Getting ready to teach at CSUMB (California State Univ. Monterey Bay) tomorrow. Yesterday, I stopped by the office, learned how to use their copier, picked up the student roster, met some faculty, and checked out the classroom. The last time I taught at a college, they were still using VHS players–and that wasn’t so long ago, either. This place seems fairly state-of-the-art, with built-in hookups for my laptop and whiteboards. 8 a.m. tomorrow: “Reading, Writing, and Critical Thinking.” But first — a hair trim, lunch, and a new pair of earrings.

On another front, I’m getting more deeply involved in planning for the Filipino American exposition at the Steinbeck Center in Salinas, to take place in April 2012. We’re getting 8,000 square feet–quite a large area– to use, and it will be happening more or less simultaneously with the international Steinbeck Festival to be held in the same building. This has me thinking about the intersections of U.S. Filipinos in the Depression Era with two of John Steinbeck’s books, The Grapes of Wrath, and In Dubious Battle, and his essays in The Harvest Gypsies. I suspect that the “vigilante raid” Steinbeck mentions on page 56 refers to the burning of Canete’s labor camp in Spreckels, something that I’ve written about in The Commonwealth Cafe.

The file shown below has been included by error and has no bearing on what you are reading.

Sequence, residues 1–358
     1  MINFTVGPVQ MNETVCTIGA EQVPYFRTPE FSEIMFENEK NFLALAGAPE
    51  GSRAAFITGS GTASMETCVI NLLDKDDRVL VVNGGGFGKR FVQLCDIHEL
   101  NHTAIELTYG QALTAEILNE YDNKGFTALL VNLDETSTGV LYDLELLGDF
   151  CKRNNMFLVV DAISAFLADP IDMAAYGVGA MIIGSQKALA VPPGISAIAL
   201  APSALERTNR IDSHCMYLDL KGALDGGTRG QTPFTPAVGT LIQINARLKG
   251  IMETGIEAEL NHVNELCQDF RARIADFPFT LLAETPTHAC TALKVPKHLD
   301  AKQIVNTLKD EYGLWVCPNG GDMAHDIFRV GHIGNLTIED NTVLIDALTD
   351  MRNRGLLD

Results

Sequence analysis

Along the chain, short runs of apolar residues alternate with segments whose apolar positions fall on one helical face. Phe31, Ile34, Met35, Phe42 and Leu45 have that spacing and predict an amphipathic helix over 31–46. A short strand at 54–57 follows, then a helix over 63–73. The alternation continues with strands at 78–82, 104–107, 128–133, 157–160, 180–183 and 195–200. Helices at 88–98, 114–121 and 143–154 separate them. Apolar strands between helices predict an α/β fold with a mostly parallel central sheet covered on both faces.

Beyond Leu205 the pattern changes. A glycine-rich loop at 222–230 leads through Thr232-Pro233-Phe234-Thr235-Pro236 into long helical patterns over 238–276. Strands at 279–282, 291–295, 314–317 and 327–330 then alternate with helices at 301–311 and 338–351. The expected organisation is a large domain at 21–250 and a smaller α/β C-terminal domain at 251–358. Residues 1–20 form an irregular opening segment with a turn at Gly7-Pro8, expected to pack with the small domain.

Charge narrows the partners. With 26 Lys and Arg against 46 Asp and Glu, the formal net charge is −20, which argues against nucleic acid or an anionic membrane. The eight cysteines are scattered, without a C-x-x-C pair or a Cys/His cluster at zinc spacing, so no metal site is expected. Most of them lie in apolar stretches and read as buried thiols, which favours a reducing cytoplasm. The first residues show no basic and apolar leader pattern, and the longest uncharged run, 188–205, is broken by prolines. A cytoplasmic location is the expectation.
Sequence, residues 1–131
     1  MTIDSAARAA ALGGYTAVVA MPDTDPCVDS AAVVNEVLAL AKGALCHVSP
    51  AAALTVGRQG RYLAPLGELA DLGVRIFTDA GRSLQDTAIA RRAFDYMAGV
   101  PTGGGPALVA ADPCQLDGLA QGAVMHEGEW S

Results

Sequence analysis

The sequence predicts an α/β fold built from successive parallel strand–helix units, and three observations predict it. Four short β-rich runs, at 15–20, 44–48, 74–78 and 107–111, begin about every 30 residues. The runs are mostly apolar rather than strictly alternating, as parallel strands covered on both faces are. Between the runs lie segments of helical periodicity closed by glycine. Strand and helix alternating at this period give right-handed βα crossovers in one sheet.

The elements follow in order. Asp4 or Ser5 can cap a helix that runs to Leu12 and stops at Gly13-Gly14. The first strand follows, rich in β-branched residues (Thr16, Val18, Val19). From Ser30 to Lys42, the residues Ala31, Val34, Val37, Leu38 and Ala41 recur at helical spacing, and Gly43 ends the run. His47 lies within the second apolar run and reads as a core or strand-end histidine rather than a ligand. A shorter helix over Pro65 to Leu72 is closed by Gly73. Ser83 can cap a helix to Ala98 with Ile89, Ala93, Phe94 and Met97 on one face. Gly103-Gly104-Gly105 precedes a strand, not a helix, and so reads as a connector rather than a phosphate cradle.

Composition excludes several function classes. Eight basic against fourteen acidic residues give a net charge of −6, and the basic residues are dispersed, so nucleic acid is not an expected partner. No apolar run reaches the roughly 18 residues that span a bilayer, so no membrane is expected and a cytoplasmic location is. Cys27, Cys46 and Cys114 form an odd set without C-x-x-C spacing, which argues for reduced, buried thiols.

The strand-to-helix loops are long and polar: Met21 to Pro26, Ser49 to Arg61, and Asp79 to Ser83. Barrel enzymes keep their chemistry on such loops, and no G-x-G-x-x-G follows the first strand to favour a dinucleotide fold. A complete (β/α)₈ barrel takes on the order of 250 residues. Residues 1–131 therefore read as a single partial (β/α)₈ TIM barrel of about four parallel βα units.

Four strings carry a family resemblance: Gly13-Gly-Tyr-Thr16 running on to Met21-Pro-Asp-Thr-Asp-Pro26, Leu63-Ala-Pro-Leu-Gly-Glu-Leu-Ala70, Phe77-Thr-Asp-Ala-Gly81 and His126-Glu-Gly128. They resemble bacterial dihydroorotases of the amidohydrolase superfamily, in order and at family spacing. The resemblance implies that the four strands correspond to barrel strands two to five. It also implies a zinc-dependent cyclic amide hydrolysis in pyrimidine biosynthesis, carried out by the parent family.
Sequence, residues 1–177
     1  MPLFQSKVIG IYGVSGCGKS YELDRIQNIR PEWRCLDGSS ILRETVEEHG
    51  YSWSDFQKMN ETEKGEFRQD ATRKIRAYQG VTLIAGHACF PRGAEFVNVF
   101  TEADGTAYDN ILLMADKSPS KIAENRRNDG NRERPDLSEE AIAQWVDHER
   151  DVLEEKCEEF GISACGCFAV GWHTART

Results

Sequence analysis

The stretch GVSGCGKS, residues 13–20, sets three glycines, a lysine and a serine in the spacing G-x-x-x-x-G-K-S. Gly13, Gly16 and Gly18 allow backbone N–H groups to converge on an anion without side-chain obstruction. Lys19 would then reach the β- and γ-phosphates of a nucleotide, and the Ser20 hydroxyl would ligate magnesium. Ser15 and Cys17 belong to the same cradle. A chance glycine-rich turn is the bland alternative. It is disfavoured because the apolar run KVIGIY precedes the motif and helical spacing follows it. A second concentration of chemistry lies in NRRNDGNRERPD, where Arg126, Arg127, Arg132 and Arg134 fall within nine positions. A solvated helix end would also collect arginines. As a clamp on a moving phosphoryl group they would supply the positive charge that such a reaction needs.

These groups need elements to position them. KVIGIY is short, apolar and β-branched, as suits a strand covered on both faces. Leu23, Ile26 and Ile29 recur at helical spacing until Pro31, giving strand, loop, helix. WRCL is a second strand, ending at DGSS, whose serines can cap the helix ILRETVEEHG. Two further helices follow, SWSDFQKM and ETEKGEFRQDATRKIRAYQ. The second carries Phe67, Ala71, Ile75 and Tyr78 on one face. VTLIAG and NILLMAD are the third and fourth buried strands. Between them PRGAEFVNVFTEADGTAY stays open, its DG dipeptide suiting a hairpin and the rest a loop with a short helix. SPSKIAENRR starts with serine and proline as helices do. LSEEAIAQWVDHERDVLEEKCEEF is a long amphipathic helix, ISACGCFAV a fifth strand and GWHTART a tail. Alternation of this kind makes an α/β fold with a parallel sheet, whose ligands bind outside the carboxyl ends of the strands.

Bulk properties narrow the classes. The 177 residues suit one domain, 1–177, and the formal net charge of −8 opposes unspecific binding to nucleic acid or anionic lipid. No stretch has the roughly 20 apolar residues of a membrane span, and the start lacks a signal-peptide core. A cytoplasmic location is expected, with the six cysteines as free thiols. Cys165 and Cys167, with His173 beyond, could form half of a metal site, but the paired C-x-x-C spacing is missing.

Things have to get done way ahead of time for exhibits like these, so we are hustling to put it together now. I’m especially looking forward to working on the music/soundtrack and literary exhibits.

By the way, the irony of the term, “Exposition,” in relation to Filipinos is not lost on me, given that back in the early 20th century Filipinos were put on exhibit along with American Indian and other “savage tribes” in the outer ring of “reservation” areas of International Expositons, such as the St. Louis “White City” Exposition and the Panama Pacific Exposition in San Francisco. But I’m thinking that this is our turn to re-tool the term for our own purposes.


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